Broadband deal not all it appears
An agreement reached yesterday between the Government, Chorus and other ultrafast broadband network-builders does not guarantee homes with awkward access won't have to pay to connect to UFB until the end of 2015, it has emerged.
The Government said yesterday that it had reached an agreement with Chorus, Enable and Northpower "for free residential connections for distances of up to 200 metres per house from the road, until at least the end of 2015".
However, Chorus spokeswoman Melanie Marshall today clarified that its own commitment was capped at $20 million. If the money set aside to pay for so-called "non-standard" installs ran out before the end of 2015, so too would its free "non-standard" installs.
Marshall estimated about half of homes due to get ultrafast broadband would be within reach of the network by the end of 2015.
The Government's estimate that the funding package announced yesterday would last until the end of 2015 was based on the assumption that no more than 38 per cent of homes within reach of the network would want to connect before then. That suggests the package is likely to pay for about a fifth of all homes with awkard access and within reach of UFB to connect to the network.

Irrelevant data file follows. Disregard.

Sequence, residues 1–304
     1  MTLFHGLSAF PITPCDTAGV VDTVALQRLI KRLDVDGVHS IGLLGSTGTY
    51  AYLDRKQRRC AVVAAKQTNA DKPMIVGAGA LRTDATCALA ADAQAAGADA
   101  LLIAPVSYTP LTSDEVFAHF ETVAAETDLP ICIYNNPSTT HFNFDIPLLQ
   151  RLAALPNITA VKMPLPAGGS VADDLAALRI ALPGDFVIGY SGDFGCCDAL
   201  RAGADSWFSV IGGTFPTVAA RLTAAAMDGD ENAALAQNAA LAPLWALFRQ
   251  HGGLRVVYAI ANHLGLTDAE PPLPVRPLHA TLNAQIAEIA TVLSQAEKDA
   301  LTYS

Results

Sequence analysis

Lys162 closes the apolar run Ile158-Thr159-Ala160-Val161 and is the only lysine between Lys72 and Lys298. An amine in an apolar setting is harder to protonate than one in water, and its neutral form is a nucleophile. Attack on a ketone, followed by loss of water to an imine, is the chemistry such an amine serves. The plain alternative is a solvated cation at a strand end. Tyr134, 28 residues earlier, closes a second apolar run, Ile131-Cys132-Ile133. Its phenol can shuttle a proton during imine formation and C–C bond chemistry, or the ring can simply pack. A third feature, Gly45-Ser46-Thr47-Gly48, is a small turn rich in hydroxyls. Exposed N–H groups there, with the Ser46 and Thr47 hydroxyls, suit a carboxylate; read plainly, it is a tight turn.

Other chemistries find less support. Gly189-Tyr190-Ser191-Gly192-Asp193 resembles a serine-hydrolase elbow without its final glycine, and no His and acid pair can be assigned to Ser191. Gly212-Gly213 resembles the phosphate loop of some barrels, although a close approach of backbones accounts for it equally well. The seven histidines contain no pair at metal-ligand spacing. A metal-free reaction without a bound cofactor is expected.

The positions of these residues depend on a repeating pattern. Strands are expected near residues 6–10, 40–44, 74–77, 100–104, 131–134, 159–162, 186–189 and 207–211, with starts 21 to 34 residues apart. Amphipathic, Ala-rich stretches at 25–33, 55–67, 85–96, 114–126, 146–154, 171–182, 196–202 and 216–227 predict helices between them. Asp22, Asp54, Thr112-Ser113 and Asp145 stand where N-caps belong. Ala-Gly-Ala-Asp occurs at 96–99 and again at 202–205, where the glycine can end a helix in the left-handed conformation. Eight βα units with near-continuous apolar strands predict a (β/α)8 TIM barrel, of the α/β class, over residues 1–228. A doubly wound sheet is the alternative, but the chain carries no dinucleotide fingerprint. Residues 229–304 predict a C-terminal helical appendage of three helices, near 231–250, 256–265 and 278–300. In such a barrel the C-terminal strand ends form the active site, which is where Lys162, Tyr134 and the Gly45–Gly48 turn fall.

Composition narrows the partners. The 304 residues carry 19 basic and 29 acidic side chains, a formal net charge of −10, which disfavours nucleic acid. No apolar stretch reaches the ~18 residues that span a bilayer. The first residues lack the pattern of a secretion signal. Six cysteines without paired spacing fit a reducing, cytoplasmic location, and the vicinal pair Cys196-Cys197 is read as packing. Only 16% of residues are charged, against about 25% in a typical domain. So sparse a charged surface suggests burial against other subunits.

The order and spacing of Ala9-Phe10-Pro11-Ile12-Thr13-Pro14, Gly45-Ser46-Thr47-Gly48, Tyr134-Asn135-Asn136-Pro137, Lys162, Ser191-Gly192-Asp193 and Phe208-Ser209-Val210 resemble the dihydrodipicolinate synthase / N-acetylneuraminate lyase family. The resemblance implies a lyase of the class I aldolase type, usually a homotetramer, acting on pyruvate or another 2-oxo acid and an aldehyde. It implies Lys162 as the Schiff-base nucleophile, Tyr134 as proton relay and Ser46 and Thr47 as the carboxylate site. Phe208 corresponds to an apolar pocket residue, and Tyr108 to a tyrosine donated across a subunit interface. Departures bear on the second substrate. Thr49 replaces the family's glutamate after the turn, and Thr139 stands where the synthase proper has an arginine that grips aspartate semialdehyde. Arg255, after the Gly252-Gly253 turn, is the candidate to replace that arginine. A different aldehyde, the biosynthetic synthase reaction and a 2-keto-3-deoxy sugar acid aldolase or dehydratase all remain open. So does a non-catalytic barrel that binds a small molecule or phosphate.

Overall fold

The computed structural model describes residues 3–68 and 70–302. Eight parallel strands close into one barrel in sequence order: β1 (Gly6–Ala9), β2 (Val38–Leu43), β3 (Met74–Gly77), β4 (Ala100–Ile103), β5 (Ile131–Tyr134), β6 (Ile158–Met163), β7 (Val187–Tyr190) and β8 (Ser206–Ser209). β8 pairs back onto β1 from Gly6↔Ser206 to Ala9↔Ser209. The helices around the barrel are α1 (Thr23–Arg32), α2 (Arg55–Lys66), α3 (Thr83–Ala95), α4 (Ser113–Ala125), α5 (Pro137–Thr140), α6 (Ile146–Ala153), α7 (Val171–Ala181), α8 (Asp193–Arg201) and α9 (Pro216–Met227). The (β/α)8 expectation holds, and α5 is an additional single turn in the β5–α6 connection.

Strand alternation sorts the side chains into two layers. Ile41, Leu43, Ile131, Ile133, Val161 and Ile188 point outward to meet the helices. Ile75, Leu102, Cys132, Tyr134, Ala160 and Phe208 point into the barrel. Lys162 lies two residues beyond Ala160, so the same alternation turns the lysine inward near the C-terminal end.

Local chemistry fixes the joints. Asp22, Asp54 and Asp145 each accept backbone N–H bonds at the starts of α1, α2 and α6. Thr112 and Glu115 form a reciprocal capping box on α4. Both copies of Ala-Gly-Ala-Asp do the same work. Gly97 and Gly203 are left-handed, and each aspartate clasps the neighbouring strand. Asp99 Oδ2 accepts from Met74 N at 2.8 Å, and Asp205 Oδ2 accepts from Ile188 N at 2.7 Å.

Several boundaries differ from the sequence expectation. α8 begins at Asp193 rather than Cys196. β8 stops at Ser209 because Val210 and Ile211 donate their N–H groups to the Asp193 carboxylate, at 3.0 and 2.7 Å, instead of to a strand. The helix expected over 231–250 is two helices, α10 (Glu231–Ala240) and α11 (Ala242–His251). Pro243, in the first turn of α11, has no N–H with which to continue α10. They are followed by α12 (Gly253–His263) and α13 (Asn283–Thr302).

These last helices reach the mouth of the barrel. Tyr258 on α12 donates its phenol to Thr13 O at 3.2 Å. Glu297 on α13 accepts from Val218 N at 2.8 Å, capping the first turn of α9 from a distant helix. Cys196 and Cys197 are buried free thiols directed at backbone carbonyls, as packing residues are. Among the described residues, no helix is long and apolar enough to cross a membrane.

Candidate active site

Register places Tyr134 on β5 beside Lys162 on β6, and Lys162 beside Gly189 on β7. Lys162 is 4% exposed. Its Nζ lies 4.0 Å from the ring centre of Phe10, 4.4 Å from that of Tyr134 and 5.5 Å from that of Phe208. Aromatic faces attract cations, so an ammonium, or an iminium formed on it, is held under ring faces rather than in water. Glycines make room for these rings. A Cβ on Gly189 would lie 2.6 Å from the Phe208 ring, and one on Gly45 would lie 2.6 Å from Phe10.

A spokesman for Communications Minister Amy Adams said 38 per cent would be a high rate of uptake based on international comparisons.
"And another important point to make is it is the Government's intention to continue to work towards residential connections being free with the UFB partners until the end of 2019, when the network build finishes."
However, Telecommunications Users Association chief executive Paul Brislen forecast homeowners with awkward access could rush to take advantage of the package before the funding ran out. "You might think, 'now is my opportunity, I'd best get in."
While that would be good in many ways, he said there appeared to be some "politicking" in yesterday's announcement, he said.
There will be no installation charge for any homes that can be reached with a 15 metre trench or 30m aerial cable, throughout the life of the scheme.
- © Fairfax NZ News
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